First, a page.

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Is Your Total Cost of Ownership Minimised?

Hidden Costs of Ownership

An important factor when designing technology systems is minimising the Total Cost of Ownership (TCO). The biggest costs to a business are the ones associated with employing staffs. These costs includes wages, salaries, recruitment and, often overlooked, the hidden cost of a slow I.T. system.

Slow systems create unnecessary delays. These delays are magnified if your business software does not operate in the same sequence or manner as your business.

Slow Systems Make Us Slow

Sabre IT Total Cost of OwnershipAlthough the delay may only be a few seconds at a time, the stop‐start nature of them creates substantial time loss far greater than the original few seconds.

Think about when you are trying to get to somewhere urgently during busy traffic.  The traffic slows and you become agitated. You see a gap and speed up, only to be slowed again by traffic that appears to be in no hurry. As time goes on you get more stressed but eventually you admit defeat and slow your pace consistent with the other traffic, even if it means not speeding up every time you see a gap.

Slow computer systems are no different.  Staff get stressed when systems are operating slower than the pace to which they are accustomed, or when software requires  ‘double handling’ to get things done.  If they are new to the job, they will start out with the best intentions but each day they begin to feel more stressed and frustrated. Within a week or two, they will have succumbed to the system limitations and slowed the pace of work in order to avoid burnout.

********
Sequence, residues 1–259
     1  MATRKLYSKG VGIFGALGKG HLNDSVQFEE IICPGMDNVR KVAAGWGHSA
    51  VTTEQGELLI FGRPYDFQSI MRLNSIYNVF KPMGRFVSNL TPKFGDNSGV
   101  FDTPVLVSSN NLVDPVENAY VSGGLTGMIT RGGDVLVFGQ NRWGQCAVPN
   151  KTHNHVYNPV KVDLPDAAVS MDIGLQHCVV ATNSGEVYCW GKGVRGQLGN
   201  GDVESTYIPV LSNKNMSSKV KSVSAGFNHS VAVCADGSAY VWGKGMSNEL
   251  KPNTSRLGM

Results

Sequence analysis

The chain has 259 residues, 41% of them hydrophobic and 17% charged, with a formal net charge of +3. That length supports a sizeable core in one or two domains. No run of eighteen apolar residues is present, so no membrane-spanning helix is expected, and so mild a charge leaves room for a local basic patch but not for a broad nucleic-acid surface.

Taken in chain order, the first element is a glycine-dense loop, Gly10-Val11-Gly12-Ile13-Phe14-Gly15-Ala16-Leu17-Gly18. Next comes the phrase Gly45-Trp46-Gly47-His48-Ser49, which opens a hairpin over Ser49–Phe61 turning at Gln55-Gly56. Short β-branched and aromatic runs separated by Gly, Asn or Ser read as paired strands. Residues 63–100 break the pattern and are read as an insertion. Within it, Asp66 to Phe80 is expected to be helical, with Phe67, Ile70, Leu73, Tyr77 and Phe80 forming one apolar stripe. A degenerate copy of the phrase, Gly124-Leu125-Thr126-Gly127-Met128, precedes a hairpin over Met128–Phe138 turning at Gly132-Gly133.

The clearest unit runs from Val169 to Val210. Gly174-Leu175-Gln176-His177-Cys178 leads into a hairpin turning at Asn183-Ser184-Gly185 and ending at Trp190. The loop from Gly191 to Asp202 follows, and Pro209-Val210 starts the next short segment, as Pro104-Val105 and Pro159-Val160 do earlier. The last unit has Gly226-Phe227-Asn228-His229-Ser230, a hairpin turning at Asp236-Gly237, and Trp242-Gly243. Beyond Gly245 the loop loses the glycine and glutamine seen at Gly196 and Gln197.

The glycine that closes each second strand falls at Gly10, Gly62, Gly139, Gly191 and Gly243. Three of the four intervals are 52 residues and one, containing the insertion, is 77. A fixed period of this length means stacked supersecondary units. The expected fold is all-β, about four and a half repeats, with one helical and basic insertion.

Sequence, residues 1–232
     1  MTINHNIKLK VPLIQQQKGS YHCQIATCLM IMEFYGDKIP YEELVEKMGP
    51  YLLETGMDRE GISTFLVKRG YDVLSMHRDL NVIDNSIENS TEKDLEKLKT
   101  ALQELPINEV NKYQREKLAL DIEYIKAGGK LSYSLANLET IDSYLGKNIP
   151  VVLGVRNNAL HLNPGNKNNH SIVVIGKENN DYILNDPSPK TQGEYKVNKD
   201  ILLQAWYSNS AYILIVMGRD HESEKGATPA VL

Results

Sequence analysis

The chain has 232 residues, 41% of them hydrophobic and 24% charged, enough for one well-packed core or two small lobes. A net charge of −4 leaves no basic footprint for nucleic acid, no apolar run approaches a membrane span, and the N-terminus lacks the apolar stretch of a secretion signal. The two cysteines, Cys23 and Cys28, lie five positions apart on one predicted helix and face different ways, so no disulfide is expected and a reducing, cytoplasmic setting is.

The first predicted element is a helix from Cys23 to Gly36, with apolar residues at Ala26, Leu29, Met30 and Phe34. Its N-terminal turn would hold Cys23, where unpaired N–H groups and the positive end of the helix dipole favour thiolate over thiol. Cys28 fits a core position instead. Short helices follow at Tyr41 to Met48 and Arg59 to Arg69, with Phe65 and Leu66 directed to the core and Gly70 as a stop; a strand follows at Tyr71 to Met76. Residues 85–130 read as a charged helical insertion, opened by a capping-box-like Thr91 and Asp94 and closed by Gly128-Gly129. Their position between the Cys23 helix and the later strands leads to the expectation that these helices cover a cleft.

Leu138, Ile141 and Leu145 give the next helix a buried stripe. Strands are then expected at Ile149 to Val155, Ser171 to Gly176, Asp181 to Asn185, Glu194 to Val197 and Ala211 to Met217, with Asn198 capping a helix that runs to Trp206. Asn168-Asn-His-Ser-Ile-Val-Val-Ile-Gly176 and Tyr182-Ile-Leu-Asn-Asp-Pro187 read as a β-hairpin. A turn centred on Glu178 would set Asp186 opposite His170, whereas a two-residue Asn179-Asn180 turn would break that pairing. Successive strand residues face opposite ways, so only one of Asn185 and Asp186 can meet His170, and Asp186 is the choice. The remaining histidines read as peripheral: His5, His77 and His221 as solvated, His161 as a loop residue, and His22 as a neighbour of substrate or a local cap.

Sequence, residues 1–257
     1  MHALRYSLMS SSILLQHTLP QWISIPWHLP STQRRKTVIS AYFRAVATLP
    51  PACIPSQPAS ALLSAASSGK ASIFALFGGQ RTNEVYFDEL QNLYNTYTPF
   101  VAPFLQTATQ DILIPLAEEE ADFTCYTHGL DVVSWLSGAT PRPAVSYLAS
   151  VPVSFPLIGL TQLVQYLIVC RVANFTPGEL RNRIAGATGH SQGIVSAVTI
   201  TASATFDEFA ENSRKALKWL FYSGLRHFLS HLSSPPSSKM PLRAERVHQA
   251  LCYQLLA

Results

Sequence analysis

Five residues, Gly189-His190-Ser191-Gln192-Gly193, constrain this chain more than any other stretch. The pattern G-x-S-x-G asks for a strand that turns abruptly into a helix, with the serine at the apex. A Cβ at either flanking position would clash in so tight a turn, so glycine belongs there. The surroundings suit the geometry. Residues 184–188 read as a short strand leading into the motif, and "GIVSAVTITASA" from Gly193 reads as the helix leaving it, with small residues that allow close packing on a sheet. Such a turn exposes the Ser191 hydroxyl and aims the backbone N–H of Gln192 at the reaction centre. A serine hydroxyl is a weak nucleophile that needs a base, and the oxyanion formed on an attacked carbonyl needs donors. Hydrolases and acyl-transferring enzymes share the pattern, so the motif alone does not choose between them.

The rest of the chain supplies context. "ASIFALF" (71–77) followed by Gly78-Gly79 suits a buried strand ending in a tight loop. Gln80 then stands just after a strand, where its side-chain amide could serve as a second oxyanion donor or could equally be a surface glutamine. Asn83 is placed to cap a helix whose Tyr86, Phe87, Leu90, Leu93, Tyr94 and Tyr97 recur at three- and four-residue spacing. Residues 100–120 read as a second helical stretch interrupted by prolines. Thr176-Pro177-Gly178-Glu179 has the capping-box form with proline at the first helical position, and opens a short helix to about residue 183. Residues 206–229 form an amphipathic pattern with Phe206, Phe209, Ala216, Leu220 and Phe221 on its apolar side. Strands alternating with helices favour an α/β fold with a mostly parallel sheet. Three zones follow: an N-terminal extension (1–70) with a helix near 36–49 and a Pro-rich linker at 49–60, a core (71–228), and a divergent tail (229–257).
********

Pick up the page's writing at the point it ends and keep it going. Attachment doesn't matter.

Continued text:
A friend of mine, a motivated admin manager, left her job to move to a competitor at an increased salary. She had been ‘head hunted’ for the role and was excited about the new job.  Within in a few days it became apparent that the computers were very slow and the software complicated.  Her workmates, well acquainted with the poor systems, told her to “get used to it”.  Her recommendations to the local manager were to upgrade the system, but she was told that it was not due for an upgrade for another 18 months.  Used to working fast and efficiently, she quickly found herself getting stressed and frustrated.  Within a month it had become so bad, she handed in her notice and went back to her former employer.

What is the Cost?

Slowing down comes at a cost.  An employee on a salary of $50,000, and losing five minutes in every hour equates to an annual cost of approximately $6,000. This is time your business is paying for but getting nothing back in return.

The initial delays may have only been small, but because the overall pace drops to the lowest speed, the loss is far greater compared to what might have happened had there been no delays.  In some work environments I have observed as much as 20 minutes in the hour are being lost due to poor systems.

Even at 5 minutes per hour, the losses add up to more than $24,000 over the life of the system.

If you have 50 staff, that’s a staggering $1.2M ‐ more than enough to pay for a faster system several times over!

In our next article we’ll discuss some typical losses and provide our recommendations on what you can do to minimise your total cost of ownership.

Author: Eric Donn